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EU decision heralds new UK nuclear plant

According to a leaked document the EU has agreed to render multi billion pound state support for new UK nuclear plant construction as legal.european union

Whilst that news has been met with celebration for some, suggesting the first new nuclear plant to be built in 20 years at a time when the balance of supply is at its most stretched for a generation, others have been less than enthused, not least, somewhat bizarrely, the Austrians.

EDF Energy owned Hinkley Point in Somerset will be the recipient of the public funding once the deal is officially ratified by the EU before the end of the year.

An unofficial EU comment suggested:

“We reached an agreement with UK authorities on Hinkley. On this basis vice-president [Joaquín] Almunia will propose a positive decision to the college of commissioners. In principle a decision should be taken within this mandate.”

With Hinkley point marked to provide 7% of the UK’s electricity needs amid a barrage of end of life disposals of generating plant and a move away from fossil fuels, whilst renewable alternatives cannot provide the base load needed to keep the lights on all year round due to their inherently intermittent behaviours, the development is most certainly needed.

Yet already the state support has been strongly criticised with concerns over whether the promised £17.6bn is money well spent.

Under the new Contract for Differences (CfD) scheme EDF Energy had been offered a strike price for the electricity it generates in the new plant of £92.50 per MWH. To put this into some sort of context Summer 2015 electricity prices are currently trading at less than £50. In addition the government is offering £10bn of loan guarantees to support the project.

The strike price premium is designed to guarantee a return for EDF Energy and mitigate the financial risk of the investment not being able to make a return due to low energy prices. Similarly the loan guarantees are designed to reduce the cost burden of EDF and their partners’ investment.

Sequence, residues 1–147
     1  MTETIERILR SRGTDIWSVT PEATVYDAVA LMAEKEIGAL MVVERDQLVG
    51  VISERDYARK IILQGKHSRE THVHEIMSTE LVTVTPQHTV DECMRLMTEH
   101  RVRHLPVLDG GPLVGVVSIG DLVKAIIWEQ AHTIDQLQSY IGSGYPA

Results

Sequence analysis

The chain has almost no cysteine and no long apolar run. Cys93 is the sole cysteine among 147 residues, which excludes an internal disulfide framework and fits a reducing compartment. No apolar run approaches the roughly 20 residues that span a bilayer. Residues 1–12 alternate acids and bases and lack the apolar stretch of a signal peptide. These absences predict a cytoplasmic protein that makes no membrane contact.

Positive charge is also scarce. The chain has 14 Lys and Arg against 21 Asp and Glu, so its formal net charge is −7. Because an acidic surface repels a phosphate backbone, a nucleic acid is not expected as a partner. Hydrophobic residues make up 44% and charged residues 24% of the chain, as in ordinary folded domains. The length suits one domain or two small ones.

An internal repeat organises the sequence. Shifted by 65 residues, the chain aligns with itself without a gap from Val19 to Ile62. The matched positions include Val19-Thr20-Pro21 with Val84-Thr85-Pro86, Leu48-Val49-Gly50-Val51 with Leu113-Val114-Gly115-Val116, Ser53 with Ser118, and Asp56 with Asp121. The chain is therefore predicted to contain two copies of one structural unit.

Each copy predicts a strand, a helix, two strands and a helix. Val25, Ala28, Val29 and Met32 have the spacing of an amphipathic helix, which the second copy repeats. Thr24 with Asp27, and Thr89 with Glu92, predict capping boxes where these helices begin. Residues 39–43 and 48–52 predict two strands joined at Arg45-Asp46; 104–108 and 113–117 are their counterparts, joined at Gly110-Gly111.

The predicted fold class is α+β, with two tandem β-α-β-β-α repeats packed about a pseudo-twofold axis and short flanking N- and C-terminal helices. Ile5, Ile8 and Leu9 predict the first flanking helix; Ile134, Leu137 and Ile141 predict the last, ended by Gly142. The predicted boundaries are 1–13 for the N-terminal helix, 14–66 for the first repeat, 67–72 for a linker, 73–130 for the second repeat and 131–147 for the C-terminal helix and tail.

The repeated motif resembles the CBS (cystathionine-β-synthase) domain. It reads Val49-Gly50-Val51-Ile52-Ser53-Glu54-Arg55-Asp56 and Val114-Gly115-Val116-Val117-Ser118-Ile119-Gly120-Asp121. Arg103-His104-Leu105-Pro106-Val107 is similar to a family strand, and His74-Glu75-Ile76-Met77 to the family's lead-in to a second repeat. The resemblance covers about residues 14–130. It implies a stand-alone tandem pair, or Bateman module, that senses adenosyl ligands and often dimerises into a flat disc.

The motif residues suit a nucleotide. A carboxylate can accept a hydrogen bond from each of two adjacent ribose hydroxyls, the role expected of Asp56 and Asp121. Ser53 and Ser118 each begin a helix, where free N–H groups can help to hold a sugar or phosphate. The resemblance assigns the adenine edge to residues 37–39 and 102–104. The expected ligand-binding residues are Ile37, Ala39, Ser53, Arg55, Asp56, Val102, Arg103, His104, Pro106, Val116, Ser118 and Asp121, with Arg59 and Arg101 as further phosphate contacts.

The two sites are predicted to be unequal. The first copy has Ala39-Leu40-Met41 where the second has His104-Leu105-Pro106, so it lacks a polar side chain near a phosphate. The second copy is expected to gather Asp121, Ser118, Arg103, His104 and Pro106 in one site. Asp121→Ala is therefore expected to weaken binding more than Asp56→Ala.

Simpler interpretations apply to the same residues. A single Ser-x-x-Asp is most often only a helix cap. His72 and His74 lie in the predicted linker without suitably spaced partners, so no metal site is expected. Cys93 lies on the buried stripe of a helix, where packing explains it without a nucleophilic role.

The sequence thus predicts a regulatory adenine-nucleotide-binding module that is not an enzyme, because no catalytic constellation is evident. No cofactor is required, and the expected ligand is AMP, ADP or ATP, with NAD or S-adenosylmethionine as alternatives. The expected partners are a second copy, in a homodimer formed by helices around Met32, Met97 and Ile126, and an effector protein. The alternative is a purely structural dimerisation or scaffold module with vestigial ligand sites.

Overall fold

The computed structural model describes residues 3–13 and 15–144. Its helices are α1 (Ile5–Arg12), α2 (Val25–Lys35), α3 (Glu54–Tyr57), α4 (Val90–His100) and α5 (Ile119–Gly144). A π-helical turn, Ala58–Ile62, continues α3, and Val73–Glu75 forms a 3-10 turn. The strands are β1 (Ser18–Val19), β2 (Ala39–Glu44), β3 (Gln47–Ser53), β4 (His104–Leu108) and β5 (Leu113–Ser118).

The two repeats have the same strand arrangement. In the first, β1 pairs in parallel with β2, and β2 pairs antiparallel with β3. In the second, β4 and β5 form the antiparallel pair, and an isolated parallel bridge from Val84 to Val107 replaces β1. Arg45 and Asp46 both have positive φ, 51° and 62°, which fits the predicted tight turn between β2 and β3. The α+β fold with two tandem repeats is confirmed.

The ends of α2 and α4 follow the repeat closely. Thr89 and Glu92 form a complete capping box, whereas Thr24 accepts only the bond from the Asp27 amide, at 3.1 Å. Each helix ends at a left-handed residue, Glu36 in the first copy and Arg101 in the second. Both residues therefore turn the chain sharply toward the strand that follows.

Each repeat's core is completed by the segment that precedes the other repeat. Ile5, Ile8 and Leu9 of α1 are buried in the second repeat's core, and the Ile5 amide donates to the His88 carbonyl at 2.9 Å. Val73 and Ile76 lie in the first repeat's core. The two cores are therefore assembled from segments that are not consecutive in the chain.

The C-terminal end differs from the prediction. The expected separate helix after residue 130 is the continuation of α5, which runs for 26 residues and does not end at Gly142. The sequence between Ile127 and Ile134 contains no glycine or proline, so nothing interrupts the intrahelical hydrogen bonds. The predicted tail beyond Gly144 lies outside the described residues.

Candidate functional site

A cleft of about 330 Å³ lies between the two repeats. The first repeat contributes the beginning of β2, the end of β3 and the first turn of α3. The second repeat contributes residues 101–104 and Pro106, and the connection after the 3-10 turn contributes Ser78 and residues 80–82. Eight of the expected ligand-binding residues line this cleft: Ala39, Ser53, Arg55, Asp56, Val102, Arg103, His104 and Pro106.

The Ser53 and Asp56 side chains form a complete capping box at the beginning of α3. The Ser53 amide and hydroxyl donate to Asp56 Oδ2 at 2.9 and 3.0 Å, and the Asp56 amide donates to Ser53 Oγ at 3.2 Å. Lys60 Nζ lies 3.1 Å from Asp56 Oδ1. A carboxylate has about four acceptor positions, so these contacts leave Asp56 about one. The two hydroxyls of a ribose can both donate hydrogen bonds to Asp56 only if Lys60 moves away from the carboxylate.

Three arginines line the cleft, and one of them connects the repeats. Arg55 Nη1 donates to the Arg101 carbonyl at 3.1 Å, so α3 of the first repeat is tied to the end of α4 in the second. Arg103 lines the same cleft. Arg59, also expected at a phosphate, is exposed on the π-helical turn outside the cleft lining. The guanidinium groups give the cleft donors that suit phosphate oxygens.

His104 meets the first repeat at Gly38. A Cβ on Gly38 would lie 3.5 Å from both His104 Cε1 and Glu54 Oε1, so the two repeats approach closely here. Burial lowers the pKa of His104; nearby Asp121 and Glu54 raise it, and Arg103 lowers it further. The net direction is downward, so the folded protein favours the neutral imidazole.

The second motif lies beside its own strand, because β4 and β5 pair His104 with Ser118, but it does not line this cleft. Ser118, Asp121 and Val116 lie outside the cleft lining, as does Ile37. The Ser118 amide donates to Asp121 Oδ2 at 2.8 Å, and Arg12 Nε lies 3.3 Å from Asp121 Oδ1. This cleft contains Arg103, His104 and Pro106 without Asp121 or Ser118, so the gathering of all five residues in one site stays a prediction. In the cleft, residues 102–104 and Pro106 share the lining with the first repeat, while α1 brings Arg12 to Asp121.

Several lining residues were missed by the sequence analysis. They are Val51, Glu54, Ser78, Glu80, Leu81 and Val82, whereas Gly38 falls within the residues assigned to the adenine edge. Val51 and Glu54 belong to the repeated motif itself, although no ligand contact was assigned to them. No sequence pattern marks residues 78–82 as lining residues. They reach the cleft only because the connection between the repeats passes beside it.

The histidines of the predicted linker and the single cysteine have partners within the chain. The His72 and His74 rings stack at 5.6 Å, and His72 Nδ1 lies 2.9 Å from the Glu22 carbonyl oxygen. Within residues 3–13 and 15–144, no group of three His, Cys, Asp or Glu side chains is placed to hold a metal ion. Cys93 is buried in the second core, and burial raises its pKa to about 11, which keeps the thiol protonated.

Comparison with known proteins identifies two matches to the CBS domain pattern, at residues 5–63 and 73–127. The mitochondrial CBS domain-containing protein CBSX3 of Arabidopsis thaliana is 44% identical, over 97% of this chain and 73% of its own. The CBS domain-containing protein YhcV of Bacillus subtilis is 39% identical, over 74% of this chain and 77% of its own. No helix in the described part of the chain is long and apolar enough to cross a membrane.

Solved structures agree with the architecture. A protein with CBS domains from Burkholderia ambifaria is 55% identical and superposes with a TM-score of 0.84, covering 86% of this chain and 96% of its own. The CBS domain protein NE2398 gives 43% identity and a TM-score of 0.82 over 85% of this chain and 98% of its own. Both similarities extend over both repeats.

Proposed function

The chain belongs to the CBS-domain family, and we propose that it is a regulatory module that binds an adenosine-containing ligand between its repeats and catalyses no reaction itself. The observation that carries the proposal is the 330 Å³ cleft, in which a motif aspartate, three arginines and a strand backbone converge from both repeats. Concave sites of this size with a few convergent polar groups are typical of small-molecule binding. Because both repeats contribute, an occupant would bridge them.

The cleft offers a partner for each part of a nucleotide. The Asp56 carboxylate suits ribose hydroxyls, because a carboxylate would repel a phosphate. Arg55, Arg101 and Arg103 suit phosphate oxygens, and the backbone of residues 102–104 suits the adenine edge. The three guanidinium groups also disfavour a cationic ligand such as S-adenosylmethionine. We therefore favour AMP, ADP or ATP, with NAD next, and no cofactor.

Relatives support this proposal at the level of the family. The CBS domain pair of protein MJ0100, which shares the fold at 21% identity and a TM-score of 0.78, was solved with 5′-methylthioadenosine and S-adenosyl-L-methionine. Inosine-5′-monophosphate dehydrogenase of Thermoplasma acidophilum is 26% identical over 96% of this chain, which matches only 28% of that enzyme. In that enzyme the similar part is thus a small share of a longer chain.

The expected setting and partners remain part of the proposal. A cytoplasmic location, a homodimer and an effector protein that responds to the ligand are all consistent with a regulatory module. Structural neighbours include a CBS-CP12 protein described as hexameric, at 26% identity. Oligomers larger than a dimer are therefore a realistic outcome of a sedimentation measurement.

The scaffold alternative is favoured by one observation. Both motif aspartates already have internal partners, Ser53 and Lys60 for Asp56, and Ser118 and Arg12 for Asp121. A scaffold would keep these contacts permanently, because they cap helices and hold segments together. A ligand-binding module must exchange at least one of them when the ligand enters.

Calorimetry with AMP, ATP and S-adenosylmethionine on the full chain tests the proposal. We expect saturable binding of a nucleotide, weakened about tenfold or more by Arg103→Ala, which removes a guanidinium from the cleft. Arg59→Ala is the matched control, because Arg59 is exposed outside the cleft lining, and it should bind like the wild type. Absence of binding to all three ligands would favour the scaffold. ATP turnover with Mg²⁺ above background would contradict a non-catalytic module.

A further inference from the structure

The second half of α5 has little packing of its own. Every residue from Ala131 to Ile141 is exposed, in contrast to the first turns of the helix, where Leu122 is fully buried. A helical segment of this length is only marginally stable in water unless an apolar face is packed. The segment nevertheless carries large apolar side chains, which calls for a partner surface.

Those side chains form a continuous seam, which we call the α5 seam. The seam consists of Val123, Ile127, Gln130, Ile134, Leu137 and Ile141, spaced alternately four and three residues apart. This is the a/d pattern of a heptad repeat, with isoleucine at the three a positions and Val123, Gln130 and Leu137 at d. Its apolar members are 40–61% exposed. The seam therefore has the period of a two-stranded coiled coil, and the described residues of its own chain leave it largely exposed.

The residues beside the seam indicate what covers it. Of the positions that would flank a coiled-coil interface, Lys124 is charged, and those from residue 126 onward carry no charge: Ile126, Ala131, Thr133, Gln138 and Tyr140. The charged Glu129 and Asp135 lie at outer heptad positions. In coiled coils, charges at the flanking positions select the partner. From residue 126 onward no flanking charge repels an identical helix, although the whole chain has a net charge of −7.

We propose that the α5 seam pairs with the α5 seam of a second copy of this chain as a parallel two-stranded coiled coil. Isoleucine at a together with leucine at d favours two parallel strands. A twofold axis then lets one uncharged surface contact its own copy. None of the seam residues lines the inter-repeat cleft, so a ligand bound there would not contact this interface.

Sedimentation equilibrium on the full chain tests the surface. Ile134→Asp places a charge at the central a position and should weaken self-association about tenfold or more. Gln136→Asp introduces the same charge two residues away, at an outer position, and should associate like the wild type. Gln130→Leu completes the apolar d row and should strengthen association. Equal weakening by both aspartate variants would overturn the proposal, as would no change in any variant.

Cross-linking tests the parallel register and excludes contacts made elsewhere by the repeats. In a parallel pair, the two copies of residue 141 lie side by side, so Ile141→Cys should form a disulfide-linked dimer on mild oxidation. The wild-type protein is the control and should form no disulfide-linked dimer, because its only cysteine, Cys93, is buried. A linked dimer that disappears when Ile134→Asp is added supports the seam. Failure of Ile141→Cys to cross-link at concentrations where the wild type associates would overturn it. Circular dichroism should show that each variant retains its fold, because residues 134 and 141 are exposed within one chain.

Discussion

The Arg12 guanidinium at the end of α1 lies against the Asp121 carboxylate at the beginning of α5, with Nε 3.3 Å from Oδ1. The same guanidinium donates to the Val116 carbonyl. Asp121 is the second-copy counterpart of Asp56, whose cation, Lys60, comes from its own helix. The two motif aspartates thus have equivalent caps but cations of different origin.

However even though the EU has apparently authorised the deal it is understood to have also exerted pressure to potentially amend the strike price so as to render the deal more cost efficient and prevent excessive profits for the French owned energy company.

EDF Energy welcomed the news of the EU decision saying it was “another positive step forward for this vital project” and reassured commentators that the deal under CfD was “fair and balanced for consumers and investors alike”.

But with EU Energy Commissioner German Energy Commissioner, Günther Oettinger describing the 35-year term of the deal as “Soviet” and Greenpeace decrying the decisions, all is not calm.

Rebecca Harms, President of the Green Parliamentary Group in Brussels, criticised the EU’s decision saying:

“It is unbelievable that Commissioner Almunia wants to wave through this obviously illegal state aid to finance Hinkley Point.

“It is like the bursting of a dam – other countries will want to follow. The financing of such out-dated, dirty and highly risky technology should be averted by all means.”

However official word from the government played down any foregone conclusion with Aled Williams, a UK government spokesman in Brussels, saying:

“We are continuing to engage with the commission as it progresses its assessment of the Hinkley Point C state aid case and are confident of a decision under the mandate of this commission.”

Despite this cautious approach, some countries have well and truly made their feelings clear in advance of any official announcement. Once such is Austria who are not at all happy and are threatening to launch a legal challenge if the European Commission does, as expected, approve the deal.

Andra Rupprechter, Austria’s Minister for Agriculture, Forestry, Environment and Water Management, exclaimed:

“This scandal has to be fought by all legal means possible,”

Whilst Austrian Green MEP Michel Reimon added that:

“[Almunia had shown] genuflection to the nuclear lobby.

“It is incredible that Commissioner Almunia will make an exception for the nuclear industry by simply waving [through] this illegal aid.”

Austria, who do not operate nuclear plant, are unhappy at what they see as bias towards nuclear investment. This though is not entirely fair.

Given the overwhelming focus of subsidy has been on renewable energy such as wind and solar and that the proposed payment by UK energy consumers of £17.6bn in subsidies over a 35-year period is just part of a £110bn investment in UK energy somewhat detracts from their argument.

Undoubtedly though the UK has agreed to pay over the odds to get EDF Energy and their partners to the negotiating table but the EU and the UK are not silly, they know that without this investment an energy starved Great Britain will be placing new demands on continental Europe to provide energy at a time when they themselves have no capacity to do so.

Sometimes you have to swallow deeply and accept there is only one way. This is one of those occasions.

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